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Terry Jennings

From the always incredible Saltern - the imprint run by Tashi Wada - comes possibly the most historically important release of the year, the sinfully overlooked minimalist composer Terry Jennings' "Piece for Cello and Saxophone", stretching across the length of a stunningly produced double LP. Composed in 1960 and rendered here by the unparallel talent of Charles Curtis in a recent version developed with La Monte Young, its sublime, glacial lone-tones make crucial ties between the early days of avant-garde drone and the Indian tradition of Hindustani music, that result as one of the most emotive minimalist works ever composed.

Since its founding during the mid 2010’s by the composer, Tashi Wada, the Los Angeles-based imprint, Saltern, has set the pace for the release of profoundly important historical works. Here at SoundOhm, a love affair was born on day one. Conceived as a means of support for artists working in Wada’s immediate circle, the power packed into the label’s small, carefully considered catalog of albums by figures like Charles Curtis, Morton Feldman, Simone Forti, and Yoshi Wada has few parallels in the contemporary landscape of adventurous sound. Despite their towering accomplishments to date, their latest, “Piece for Cello and Saxophone”, by the long overlooked early minimalist, Terry Jennings, is possibly their most historically important release to date. Realized by Charles Curtis, in close collaboration with La Monte Young, and issued as a beautiful double LP, complete with a four-page insert with liner notes by Young, Curtis, Anthony Burr, and Tashi Wada, it’s stunningly beautiful on countless terms, bringing one of the great minimalist pioneers the attention and care he’s always deserved.

Long dominated by a handful of names - Young, Riley, Reich, Glass, etc. - over the last few decades, the canonical narratives of Minimalism have begun to slowly expand, offering a more complex image of how this music came into being. First came the reissue of Tony Conrad and Faust’s “Outside the Dream Syndicate” in 1993. Then Charlemagne Palestine's “Strumming Music” ‎returned two years later, followed by a host of Henry Flynt’s archival work. Despite having been relatively forgotten for decades, it turned out that all of these artists had been there from the start. During roughly the same moment, interest in the work of artists like Éliane Radigue, Phill Niblock, Jon Gibson, Jon Hassell, and Pauline Oliveros began to percolate, contributing to the reshaping of historical happening. Even more recently, the work of sinfully overlooked composers like Richard Maxfield and Dennis Johnson has emerged, opening new windows into minimalism’s earliest days. The subject of Saltern’s latest release, the composer Terry Jennings, is among the most important of the pieces of the puzzle yet to have emerged.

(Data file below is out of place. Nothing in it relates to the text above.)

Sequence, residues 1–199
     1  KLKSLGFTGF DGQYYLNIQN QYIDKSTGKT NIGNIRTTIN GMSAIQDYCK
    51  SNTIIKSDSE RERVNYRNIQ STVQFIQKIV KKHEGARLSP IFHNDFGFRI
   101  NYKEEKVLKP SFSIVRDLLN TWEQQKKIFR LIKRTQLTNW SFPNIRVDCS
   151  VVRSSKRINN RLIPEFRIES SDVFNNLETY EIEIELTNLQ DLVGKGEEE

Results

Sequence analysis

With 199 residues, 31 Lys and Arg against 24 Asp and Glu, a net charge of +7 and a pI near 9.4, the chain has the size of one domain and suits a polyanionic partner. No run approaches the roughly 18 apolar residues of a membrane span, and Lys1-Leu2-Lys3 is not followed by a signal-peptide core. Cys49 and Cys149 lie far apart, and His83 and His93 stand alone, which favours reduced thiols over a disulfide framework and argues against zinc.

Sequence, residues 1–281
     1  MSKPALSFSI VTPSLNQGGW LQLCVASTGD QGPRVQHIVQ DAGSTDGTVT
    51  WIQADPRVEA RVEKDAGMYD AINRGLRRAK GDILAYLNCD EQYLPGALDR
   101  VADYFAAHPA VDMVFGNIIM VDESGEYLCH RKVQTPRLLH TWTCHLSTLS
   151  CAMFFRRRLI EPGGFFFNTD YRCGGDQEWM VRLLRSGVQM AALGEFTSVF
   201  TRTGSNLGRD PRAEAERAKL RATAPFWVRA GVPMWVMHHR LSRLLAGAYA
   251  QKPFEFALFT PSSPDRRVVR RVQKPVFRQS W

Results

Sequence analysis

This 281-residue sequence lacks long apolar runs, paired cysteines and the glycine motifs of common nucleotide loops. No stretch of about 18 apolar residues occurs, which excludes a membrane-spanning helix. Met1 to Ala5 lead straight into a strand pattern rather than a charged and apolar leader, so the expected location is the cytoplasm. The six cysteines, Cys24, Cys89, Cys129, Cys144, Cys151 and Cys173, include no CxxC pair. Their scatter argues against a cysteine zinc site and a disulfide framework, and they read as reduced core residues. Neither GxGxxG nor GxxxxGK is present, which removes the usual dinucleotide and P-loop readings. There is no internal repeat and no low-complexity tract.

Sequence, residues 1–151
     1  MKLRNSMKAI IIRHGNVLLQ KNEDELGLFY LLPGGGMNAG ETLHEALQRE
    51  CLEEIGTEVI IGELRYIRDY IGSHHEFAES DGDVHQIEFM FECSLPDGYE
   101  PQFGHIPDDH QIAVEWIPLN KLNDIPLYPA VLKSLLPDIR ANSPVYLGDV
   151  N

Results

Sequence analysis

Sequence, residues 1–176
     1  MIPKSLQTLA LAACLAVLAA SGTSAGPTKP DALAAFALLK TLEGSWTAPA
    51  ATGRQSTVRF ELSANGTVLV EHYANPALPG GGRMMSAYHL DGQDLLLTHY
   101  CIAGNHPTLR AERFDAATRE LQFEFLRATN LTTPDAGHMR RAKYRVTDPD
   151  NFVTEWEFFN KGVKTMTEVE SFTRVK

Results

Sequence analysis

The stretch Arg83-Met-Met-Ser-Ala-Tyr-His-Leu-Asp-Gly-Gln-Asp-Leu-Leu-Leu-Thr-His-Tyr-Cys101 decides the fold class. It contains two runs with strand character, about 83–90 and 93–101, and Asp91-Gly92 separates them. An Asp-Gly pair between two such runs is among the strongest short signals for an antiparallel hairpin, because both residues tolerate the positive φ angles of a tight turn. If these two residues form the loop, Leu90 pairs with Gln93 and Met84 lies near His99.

Terry Jennings was a foundational member of musical minimalism. At the age of 20 in 1960, 9 of his works were presented at Yoko Ono’s legendary loft series, along with his close friends Richard Maxwell, Terry Riley and La Monte Young. Young once referred to the composer as “the most talented musician I know.” Riley described him as “a musician of great originality and expressive power”, and praise didn’t stop there. Cornelius Cardew and John Tilbury were devoted fans, and he performed regularly with John Cale and Charlemagne Palestine, in addition to being an early member of The Theatre of Eternal Music. Yet, tragically, within the broad understanding of the history of minimalism and its development, Jennings - one of its pioneers and leading lights - is conspicuously absent, partially due to a temperament that shied away from self-promotion and life-long drug addiction that contributed to his untimely passing at the age of 41 in 1981.